Download presentation

Presentation is loading. Please wait.

Published byRoderick Washington Modified over 4 years ago

1
CHEMICAL THERMODYNAMICS The Second Law of Thermodynamics: The is an inherent direction in which any system not at equilibrium moves Processes that are spontaneous in one direction are not spontaneous in the reverse direction

2
CHEMICAL THERMODYNAMICS Spontaneity, Enthalpy, and Entropy Reactions that are exothermic are generally spontaneous, H < 0 Reactions that are not exothermic may also be spontaneous H = 0

3
CHEMICAL THERMODYNAMICS H > 0

4
CHEMICAL THERMODYNAMICS Spontaneity must, therefore, be a function of the degree of randomness in a system. Spontaneity, Enthalpy, and Entropy Entropy (S) is a “state function” that describes the randomness in a system such that, S = S final - S initial

5
CHEMICAL THERMODYNAMICS The Second Law of Thermodynamics tells us that In any spontaneous process, there is always an increase in the entropy of the universe: S universe = S system + S surroundings > 0

6
CHEMICAL THERMODYNAMICS A Molecular Interpretation of Entropy translational vibrational rotational The Third Law of Thermodynamics: S(0 K) = 0 The entropy of the lattice increases with temperature because the number of possible energy states in which the molecules or atoms are distributed is larger

7
CHEMICAL THERMODYNAMICS Calculation of Entropy Changes The standard entropy (S ) is expressed in units of J/mol-K For any given reaction: aA + bB + … cC + dD +... S = [cS (p) + dS (Q) + … ] - [ aS (A) + bS (B) + … ] Sample exercise : Calculate the S for the synthesis of ammonia from N 2 and H 2 N 2 (g) + 3H 2 (g) 2NH 3 (g) S = [2S (NH 3 )]- [ S (N 2 ) + S (H 2 )] S = [2(192 J/mol-K)]- [ 191.5 J/mol-K+ 3(130.58 J/mol-K)] S = -198.2 J/K

8
4 Ice melting 4 water condensing 4 mixing salt water 4 diffusion 4 butane burning 4 CH 4g + 2O 2g → CO 2g + 2H 2 O g

9
CHEMICAL THERMODYNAMICS Gibbs Free Energy Whether a reaction occurs spontaneously is determined by the changes in enthalpy and entropy for that reaction such that: G = H -TS The change in free energy is therefore: G = H - T S If G is negative, the reaction is spontaneous in the forward direction If G is positive, the reaction is not spontaneous in the forward direction Work must be supplied from the surroundings to make it occur. If G is zero, the reaction is at equilibrium, there is no driving force I get it!!

10
CHEMICAL THERMODYNAMICS aA + bB + … cC + dD +... G = [cG f (p) + dG f (Q) + … ] - [aG f (A) + bG f (B) + … ] The standard free energy change ( G ) for any reaction: Calculation of G using standard free energy change of formation

11
CHEMICAL THERMODYNAMICS

12
Sample exercise : Using the data from Appendix C, calculate the G using H and S for the following reaction: BaO(s) + CO 2 (g) BaCO 3 (g) H = [-1216.3 kJ/mol] - [ -553.5 kJ/mol - 393.5 kJ/mol] = -269.3 kJ G = [-1137.6 kJ/mol] - [ -525.1 kJ/mol - 394.4 kJ/mol] = -218.1 kJ S = [112.1 J/mol-K] - [ 70.42 J/mol-K - 213.6 J/mol-K] = -171.9 J/mol-K G = H - T S G = -269.3 kJ - 298 K (-171.9 J/mol-K)(1 kJ/ 1000 J ) G = -218.07 kJ/mol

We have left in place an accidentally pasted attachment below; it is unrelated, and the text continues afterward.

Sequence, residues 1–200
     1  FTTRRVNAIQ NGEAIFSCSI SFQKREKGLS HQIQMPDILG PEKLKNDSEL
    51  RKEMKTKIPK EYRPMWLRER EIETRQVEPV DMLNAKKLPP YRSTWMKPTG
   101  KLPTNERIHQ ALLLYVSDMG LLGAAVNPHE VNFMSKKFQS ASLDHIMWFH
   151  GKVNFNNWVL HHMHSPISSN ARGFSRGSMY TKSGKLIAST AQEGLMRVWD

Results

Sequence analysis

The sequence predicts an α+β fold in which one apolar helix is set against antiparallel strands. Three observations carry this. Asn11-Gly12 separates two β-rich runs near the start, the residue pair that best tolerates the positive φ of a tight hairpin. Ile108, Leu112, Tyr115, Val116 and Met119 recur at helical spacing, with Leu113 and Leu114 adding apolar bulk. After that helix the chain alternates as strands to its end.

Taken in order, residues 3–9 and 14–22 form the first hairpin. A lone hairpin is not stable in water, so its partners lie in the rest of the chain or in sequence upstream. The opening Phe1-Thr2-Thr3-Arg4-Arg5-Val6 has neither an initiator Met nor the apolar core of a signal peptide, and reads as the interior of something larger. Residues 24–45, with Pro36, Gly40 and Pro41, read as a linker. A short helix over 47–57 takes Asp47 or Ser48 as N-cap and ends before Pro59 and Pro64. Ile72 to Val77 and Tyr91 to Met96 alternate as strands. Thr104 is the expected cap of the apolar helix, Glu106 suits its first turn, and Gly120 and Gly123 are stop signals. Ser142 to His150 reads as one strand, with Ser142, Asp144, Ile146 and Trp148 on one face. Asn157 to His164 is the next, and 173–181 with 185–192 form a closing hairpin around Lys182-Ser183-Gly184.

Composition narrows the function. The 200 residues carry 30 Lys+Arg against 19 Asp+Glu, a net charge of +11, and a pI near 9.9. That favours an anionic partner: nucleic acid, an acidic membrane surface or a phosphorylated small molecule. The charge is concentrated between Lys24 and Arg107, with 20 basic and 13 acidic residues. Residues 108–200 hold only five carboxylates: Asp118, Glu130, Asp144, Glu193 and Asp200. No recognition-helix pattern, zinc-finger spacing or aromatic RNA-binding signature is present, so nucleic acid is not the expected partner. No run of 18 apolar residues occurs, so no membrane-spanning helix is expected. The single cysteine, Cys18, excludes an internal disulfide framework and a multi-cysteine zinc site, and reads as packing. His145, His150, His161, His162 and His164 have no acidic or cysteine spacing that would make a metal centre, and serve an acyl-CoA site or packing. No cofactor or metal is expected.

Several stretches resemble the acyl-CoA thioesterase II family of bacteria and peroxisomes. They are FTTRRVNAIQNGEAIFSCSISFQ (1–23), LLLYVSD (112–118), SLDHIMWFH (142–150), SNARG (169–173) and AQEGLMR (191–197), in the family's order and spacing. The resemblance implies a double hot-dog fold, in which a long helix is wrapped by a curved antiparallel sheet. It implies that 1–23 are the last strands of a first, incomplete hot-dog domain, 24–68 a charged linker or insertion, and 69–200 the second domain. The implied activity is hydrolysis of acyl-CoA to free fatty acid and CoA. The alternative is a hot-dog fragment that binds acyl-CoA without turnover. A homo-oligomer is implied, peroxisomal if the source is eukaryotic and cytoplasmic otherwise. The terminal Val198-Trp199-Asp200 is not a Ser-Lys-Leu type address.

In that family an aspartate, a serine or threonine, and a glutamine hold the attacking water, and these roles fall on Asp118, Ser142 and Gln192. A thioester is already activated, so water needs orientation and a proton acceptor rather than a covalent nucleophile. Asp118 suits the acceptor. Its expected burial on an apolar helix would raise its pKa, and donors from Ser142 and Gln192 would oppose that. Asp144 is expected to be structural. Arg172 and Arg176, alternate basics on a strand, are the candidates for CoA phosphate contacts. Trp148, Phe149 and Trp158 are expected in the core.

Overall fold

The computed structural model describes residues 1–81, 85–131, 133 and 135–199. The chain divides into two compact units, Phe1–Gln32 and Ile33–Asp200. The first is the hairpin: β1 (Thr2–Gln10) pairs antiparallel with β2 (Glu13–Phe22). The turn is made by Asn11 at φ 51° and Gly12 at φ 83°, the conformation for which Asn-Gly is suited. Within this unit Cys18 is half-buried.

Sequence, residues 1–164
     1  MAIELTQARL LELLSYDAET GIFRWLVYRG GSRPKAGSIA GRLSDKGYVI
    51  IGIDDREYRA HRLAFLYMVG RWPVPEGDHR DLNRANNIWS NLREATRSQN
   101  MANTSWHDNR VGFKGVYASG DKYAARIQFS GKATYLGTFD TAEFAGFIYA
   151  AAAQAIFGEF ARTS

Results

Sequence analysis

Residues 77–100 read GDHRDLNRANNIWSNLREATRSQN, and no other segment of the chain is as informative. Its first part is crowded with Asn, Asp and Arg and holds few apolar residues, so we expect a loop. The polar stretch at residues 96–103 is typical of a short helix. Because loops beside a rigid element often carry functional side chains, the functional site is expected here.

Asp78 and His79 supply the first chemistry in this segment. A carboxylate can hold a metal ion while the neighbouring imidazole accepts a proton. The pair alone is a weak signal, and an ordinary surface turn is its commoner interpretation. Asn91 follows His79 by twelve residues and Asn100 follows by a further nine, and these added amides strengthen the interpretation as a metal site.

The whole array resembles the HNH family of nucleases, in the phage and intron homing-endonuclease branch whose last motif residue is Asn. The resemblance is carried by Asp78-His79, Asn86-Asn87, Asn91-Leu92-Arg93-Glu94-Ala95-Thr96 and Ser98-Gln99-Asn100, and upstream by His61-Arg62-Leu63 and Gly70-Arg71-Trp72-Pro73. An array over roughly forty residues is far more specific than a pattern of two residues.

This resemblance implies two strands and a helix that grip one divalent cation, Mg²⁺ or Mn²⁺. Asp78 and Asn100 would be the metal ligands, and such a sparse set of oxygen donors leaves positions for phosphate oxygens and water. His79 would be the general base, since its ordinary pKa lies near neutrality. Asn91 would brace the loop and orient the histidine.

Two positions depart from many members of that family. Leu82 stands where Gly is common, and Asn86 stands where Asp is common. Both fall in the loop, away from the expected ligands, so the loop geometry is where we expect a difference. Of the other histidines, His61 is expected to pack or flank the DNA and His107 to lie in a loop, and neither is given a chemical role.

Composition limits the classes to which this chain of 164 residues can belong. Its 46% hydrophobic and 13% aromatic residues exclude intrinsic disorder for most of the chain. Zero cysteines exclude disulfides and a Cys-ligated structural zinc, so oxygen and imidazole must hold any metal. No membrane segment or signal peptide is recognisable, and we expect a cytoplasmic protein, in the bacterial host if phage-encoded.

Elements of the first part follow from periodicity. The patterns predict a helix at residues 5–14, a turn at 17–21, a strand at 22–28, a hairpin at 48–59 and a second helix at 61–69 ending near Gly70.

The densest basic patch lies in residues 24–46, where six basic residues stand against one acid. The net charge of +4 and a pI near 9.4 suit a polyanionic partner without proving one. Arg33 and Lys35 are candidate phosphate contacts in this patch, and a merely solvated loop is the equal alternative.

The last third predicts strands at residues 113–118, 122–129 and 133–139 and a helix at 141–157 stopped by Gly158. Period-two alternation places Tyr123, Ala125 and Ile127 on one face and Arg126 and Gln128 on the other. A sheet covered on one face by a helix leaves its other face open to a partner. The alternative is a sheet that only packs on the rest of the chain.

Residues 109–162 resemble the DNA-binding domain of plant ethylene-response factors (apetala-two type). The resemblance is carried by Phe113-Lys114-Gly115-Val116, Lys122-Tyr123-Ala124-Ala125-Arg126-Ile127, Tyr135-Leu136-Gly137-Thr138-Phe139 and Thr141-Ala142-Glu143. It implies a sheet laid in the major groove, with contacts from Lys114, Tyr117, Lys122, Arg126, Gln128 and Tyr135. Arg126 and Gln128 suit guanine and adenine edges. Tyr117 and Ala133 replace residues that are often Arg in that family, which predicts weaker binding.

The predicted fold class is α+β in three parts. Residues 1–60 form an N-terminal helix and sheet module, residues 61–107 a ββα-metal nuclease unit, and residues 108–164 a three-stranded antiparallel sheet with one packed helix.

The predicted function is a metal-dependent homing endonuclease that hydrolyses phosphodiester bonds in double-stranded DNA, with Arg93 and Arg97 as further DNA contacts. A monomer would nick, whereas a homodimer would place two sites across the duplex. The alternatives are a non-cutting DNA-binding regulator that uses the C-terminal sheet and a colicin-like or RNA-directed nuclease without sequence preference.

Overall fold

13
Free Energy and the Equilibrium Constant What happens when you can’t describe G under standard conditions ? G = G ° + RT ln Q (R 8.314 J/K-mol) When G = 0 then G ° = - RT ln K G ° is negative: K > 1 G ° is zero: K = 1 G ° is positive: K < 1

14
Calculate G at 298 K for the following reaction if the reaction mixture consists of 1.0 atm N 2, 3.0 atm H 2,and 1.0 atm NH 3 N 2 (g) + 3H 2 2NH 3 Q = (1.0) 2 / (1.0)(3.0) 3 = 3.7 x 10 -2 G = G ° + RT ln Q where R 8.314 J/K-mol G = -33.32 kJ + (8.314x 10 -3 kJ/K-mol)(298 K)ln(3.7 x 10 -2 ) G = -41.49 kJ

15
CHEMICAL THERMODYNAMICS E k = mv 2 E = E final - E initial E = q + w if V = 0 then, E = q v if P is constant, H = E + P V or, H = q p H E H= H products - H reactants H f H rxn = n n (products) - H f m m (reactants) q = n C T where C is J/mol- C q = m S T where is C J/g- C Chapter 5 Hess’s Law 1st Law of Thermodynamics

16
CHEMICAL THERMODYNAMICS Chapter 19 S = S final - S initial S universe = S system + S surroundings > 0 For any given reaction: aA + bB + … cC + dD +... S = [cS (p) + dS (Q) + … ] - [ aS (A) + bS (B) + … ] where S = J/mol-K G = H - T S If G = spontaneous If G =not spontaneous If G = zero, K = 0 aA + bB + … cC + dD +... G = [cG f (p) + dG f (Q) + … ] - [aG f (A) + bG f (B) + … ] for any reaction: G = G ° + RT ln Q where R 8.314 J/K-mol if G ° = 0 then G ° = RT ln K G ° is negative: K > 1 G ° is zero: K = 0 G ° is positive: K > 1 2nd Law of Thermodynamics 3rd Law of Thermodynamics

Similar presentations

© 2019 SlidePlayer.com Inc.

All rights reserved.

To make this website work, we log user data and share it with processors. To use this website, you must agree to our Privacy Policy, including cookie policy.

Ads by Google